As a result, there needs to be some viable incentive for these markets to increase their sustainable imports.
The use of Green Palm certificates — which initially provide lower barriers to entry for sustainable palm oil without adding costly complications in logistics and processing with initial volumes — can and should play a key enabling process to facilitate and introduce certified sustainable palm oil into these vital markets.
In Europe, however, governments have set out to impose penalties on the use of palm oil, ostensibly on the back of health concerns — but more likely to protect palm’s rival edible oils that are grown across the continent.
According to Nafziger, it is the fatty acid composition of the food consumed that should be considered rather than the oil or fat the fatty acid comes from.
“Oils and fats consist of a mixture of fatty acids, which influence their texture and functionality. Sustainable palm oil is a key ingredient for the food industry due to its superior sensory characteristics, as well as nutritional and functional properties,” she says.
“It has a high melting point and is solid at room temperature. This property determines the consistency, the texture, the melt-in-the-mouth-feel, “spreadability” and oxidative stability of a fat. No other alternative edible vegetable oil, naturally solid at room temperature and providing the same functional properties, exists in sufficient quantity.”
Nafziger adds that Caobisco’s members accept paying a premium for CSPO, and have committed to buy — or are currently buying — only sustainable palm oil by 2015.
Inneke Herreman, secretary general of the International Margarine Association of the Countries of Europe (Imace), is scathing towards attempts by European governments to impose taxes on food products based on their content in palm oil and derived oils, dismissing them as “discriminatory, inefficient and counter-productive”.
She says: “Taxes introduce a discriminatory element between different food products based on subjective criteria.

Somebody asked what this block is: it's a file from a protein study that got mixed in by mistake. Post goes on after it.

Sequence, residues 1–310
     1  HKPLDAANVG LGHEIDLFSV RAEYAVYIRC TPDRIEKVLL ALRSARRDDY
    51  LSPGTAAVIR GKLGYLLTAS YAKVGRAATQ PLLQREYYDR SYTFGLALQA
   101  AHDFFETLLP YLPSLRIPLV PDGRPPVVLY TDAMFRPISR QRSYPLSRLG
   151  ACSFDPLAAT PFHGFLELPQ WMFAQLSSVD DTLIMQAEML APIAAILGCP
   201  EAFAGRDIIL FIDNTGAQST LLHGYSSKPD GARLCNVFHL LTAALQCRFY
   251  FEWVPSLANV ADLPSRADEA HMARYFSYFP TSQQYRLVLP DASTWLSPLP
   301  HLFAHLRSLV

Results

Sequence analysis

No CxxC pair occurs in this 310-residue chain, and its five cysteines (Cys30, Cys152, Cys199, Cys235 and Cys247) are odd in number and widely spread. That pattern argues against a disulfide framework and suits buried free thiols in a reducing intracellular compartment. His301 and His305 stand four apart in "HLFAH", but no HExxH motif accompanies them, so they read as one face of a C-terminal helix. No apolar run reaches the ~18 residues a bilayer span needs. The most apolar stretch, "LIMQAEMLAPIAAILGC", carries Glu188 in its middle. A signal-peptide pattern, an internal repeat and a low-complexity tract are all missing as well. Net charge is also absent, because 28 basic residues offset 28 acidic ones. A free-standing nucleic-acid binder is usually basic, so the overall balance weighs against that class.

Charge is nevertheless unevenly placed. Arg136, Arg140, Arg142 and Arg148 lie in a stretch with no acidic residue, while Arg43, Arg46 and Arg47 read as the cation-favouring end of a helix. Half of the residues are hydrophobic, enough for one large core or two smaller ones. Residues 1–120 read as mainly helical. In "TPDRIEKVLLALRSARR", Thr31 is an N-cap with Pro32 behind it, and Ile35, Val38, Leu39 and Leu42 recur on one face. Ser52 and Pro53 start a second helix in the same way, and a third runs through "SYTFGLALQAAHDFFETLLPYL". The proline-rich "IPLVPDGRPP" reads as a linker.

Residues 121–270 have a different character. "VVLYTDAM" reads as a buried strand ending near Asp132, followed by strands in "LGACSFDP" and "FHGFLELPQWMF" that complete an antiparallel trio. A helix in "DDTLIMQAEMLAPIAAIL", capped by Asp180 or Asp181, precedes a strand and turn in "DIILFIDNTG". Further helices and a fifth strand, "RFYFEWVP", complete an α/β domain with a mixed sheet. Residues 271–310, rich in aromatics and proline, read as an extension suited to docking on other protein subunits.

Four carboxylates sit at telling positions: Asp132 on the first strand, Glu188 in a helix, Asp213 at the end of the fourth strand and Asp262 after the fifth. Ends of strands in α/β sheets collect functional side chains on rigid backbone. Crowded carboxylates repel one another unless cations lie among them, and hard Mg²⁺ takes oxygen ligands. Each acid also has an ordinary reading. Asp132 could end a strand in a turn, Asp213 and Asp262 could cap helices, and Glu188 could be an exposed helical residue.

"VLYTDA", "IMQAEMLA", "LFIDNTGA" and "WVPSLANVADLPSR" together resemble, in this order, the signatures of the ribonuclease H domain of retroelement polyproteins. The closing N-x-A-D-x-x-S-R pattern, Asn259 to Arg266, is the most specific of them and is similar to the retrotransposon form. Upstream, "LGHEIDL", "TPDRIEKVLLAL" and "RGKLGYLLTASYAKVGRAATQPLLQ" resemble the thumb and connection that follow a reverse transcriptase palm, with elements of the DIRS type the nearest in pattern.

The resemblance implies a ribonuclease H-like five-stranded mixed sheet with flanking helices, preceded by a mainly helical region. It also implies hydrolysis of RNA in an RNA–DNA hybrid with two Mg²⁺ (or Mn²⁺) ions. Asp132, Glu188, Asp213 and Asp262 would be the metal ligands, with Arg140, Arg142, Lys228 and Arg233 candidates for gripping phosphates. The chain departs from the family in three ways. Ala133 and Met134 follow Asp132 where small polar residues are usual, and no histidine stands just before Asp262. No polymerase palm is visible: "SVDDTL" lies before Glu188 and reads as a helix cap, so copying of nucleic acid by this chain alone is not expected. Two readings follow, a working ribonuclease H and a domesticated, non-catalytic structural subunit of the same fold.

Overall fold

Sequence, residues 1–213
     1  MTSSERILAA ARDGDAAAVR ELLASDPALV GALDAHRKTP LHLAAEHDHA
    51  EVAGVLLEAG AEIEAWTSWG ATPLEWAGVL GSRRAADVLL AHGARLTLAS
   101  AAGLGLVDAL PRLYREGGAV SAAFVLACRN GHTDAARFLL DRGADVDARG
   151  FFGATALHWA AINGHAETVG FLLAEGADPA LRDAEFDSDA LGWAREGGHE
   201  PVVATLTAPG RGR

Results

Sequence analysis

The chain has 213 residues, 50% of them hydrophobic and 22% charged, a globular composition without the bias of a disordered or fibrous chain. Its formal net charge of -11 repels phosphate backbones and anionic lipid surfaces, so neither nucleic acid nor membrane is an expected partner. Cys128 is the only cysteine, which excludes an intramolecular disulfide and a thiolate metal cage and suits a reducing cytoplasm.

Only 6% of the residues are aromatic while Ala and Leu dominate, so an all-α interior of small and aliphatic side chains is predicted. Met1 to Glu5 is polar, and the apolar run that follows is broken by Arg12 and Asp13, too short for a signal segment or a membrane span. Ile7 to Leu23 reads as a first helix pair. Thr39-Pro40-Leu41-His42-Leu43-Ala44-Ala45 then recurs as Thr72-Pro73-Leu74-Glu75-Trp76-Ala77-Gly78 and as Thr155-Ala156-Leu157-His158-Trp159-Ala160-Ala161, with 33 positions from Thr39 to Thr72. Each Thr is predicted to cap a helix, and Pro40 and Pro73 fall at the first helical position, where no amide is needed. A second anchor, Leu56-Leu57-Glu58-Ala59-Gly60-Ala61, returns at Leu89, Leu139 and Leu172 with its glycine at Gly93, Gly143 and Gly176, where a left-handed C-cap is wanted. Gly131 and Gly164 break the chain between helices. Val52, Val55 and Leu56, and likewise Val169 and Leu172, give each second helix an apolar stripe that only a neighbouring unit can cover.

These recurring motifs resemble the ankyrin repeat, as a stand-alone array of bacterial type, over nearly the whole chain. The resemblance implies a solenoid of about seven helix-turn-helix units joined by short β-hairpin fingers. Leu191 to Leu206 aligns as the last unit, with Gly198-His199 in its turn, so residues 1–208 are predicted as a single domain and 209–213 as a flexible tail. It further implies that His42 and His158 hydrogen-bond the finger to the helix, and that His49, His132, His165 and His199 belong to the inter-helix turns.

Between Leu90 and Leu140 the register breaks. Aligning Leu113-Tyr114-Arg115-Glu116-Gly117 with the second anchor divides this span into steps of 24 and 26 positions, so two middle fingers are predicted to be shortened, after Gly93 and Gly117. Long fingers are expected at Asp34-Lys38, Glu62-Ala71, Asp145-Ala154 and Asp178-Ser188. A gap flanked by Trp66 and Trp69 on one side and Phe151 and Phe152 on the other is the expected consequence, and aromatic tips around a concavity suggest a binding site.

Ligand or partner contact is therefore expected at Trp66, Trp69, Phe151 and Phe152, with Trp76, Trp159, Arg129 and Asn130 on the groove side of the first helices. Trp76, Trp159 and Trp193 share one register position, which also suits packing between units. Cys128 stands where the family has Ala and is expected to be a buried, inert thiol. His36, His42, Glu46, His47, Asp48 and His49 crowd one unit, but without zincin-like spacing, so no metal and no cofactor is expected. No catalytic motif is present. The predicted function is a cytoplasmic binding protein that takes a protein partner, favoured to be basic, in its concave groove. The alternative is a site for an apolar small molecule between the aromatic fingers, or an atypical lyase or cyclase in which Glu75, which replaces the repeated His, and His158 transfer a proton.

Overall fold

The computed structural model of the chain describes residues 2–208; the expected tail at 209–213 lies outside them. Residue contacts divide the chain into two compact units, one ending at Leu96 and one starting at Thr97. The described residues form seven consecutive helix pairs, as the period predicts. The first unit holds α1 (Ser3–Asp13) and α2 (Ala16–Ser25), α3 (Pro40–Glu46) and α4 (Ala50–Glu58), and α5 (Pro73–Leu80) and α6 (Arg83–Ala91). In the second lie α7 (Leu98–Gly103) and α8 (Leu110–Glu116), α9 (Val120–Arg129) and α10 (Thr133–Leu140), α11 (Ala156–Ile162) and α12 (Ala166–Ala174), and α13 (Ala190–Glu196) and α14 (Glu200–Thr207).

“In 2006 a WHO review investigating the effectiveness of economic instruments found ‘no direct scientific evidence of a causal relationship between policy-related economic instruments and food consumption, including foods high in saturated fats’.”
The RSPO’s Webber adds that governmental messages like these can be misleading for consumers.
“Replacing palm oil is not the right solution to address the environmental and social problems associated with oil palm cultivation for two reasons: first, changing to other types of vegetable oil would mean that much larger amounts of land would be needed land; and secondly, palm oil plays an important role in the reduction of poverty in the areas where it is produced.
“The best and most sustainable solution is to switch to sustainable palm oil rather than to other vegetable oils.”
This is one of the rare instances where the views of producers, industry and even some prominent environmental groups happen to converge.
WWF, for example, actively encourages retailers and manufacturers to purchase CSPO produced according to standards set by RSPO — of which it is a member.
“CSPO… provides assurance that valuable tropical forests have not been cleared, and that environmental and social safeguards have been met during the oil's production,” WWF tells its members.
Perhaps it’s now time to focus on the positives of the debate. Palm oil use will rise, but shouldn't sustainable shipments outpace this growth.
- This week, FoodNavigator-Asia is focusing on the vexed issue of palm oil ahead of attending the Roundtable on Sustainable Palm Oil's annual meeting, which takes place from November 11-14 in Medan, Indonesia.